Not a few Nigerians were incensed with Oprah Winfrey when she maligned Nigeria and Nigerians in a TV discussion about the global scourge of cyber crimes. In an attempt to lend credence to her inflammatory pronouncement, Oprah purportedly played the video clip of a popular Nigerian hit-track that celebrates cybercrimes (Yahoo-Yahoo) to millions of viewers hooked on to her Oprah Winfrey Talk Show worldwide. Whatever that meant, I believe Oprah is entitled to her own opinion.
Only last week, Sony Corporation issued an apology to Nigeria over a TV commercial for its latest PlayStation which attacks with innuendo, the reputation of Nigerians. The Sony apology came shortly after Nigeria’s official image maker, Information and Communications Minister, Prof. Dora Akunyili issued a release condemning and demanding an unreserved apology from Sony Corporation. Good for Nigeria and kudos to Madam Dora, Sony has withdrawn the commercial, but not before it had been posted on YouTube, entrenching our global reputation in the liminal limbo between death and dying.
And just as Nigerians were still smarting from the attack delivered by the Sony advert came a new assault, this time from the world’s movie capital – Hollywood. In District 9, a 2009 science fiction directed by Neill Blomkamp, written by Blomkamp and Terri Tatchell, and released on August 14, 2009, Nigerians are portrayed as voodoo experts, gangsters, drug dealers, pimps, prostitutes, cannibals and an unintelligent bunch of weapon traffickers. For the sake of our cinemas, let me avoid a sheepish regurgitation of the plot within this discourse.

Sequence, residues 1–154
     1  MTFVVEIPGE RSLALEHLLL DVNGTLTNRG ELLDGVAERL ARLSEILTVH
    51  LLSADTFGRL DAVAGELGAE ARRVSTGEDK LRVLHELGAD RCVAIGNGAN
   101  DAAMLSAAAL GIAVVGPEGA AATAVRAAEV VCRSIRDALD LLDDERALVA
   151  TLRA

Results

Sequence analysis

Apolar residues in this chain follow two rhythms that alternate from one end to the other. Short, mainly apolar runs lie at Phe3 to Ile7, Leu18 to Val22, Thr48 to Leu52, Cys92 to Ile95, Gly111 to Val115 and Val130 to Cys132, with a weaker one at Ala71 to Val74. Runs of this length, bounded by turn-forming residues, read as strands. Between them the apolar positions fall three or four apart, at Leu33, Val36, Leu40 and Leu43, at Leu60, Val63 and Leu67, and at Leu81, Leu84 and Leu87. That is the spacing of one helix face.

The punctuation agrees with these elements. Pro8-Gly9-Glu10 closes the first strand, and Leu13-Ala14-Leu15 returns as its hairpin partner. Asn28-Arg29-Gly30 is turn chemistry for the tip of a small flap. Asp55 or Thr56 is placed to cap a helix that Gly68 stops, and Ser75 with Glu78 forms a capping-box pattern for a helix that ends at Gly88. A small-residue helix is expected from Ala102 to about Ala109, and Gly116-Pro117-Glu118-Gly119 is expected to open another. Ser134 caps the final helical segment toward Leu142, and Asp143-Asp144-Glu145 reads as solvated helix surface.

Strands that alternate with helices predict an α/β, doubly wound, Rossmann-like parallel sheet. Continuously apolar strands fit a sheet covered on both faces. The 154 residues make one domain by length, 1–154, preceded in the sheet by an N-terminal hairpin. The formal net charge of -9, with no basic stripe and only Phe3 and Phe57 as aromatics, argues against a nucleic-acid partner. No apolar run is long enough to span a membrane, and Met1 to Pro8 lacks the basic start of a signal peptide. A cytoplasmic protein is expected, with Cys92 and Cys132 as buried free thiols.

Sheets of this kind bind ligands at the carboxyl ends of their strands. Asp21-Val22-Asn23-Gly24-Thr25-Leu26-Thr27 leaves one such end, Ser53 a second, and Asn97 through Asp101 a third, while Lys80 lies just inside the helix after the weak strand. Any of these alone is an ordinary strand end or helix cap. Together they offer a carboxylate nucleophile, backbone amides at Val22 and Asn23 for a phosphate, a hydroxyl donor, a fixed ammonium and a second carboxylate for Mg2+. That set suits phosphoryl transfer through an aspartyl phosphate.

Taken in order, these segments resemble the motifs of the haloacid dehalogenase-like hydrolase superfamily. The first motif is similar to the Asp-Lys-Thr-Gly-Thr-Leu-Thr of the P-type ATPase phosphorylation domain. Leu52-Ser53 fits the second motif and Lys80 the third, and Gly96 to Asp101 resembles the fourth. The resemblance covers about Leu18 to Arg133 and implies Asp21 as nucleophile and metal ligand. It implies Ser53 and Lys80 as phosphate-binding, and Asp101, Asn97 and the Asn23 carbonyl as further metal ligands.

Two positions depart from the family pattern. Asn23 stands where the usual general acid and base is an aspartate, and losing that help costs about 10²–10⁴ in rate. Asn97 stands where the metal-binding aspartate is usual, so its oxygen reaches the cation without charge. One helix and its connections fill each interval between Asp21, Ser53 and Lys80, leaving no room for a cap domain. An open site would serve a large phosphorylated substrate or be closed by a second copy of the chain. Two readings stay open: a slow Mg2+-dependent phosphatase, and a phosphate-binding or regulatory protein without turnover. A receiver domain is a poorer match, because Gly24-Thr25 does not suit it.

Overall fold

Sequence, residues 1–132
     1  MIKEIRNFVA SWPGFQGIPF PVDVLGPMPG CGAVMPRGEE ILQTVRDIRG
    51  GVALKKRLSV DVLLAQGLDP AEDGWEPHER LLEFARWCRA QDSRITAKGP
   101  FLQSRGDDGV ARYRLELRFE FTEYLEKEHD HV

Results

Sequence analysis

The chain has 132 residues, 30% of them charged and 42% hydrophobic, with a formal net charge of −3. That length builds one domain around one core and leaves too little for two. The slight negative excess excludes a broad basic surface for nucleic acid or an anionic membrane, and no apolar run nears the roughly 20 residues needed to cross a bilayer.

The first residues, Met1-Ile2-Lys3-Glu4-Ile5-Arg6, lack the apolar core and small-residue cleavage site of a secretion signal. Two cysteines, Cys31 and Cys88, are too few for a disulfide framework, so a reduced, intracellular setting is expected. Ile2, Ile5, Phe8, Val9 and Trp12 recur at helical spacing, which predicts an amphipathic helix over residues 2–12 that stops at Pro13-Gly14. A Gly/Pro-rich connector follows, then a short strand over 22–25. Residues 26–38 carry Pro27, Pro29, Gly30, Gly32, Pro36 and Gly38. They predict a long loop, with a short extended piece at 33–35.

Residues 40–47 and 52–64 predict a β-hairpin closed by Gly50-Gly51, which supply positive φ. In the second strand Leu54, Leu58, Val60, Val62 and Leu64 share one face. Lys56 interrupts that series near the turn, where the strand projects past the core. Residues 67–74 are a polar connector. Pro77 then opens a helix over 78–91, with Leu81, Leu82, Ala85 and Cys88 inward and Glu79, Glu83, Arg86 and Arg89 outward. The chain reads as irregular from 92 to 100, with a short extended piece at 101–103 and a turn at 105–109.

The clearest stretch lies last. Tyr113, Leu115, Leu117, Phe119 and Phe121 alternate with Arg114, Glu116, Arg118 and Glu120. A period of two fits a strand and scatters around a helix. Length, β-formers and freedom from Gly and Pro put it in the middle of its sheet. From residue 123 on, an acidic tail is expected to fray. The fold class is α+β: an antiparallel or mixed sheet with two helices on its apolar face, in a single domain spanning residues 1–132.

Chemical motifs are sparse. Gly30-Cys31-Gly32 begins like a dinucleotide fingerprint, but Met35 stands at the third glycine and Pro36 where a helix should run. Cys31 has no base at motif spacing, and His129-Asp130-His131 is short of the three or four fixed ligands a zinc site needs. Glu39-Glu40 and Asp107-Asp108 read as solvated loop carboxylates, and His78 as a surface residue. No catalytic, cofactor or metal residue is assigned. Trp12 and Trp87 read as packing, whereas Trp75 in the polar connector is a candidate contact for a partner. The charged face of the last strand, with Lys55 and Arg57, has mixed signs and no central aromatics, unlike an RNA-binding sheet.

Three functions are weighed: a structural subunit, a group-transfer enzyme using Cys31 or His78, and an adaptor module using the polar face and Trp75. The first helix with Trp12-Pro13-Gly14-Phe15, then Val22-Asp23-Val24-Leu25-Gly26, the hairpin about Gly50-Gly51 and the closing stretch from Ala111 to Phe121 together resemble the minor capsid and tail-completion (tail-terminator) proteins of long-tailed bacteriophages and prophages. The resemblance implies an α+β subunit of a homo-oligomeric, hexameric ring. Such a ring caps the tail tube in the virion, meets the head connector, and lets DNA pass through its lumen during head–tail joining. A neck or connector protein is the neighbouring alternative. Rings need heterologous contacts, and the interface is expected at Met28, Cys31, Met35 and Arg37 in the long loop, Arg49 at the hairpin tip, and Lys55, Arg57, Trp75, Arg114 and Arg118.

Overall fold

I saw District 9 on the evening of September 9, 2009. Shot on location in Chiawelo Soweto, South Africa, District 9, apparently another Hollywood sell-abroad in the league of movies like the famed Indian Slumdog Millionaire, grossed $US 37 million on the weekend of its release and has been attracting reviews some of which have critiqued it for its apparent selection and demonization of the Nigerian people. This is where I have a problem. Whether the likes of Oprah Winfrey, Sony and now Neill Blomkamp acted in good faith or whether they were right in their assertions about Nigeria is first, not as important, as telling ourselves the truth about Nigeria and the need for us to do something serious about it. Before we be begin to roar in outrage, before we begin to call for the heads of those who amplify our national notoriety, let’s do a bit of introspection here. Are we truly not what they say we are?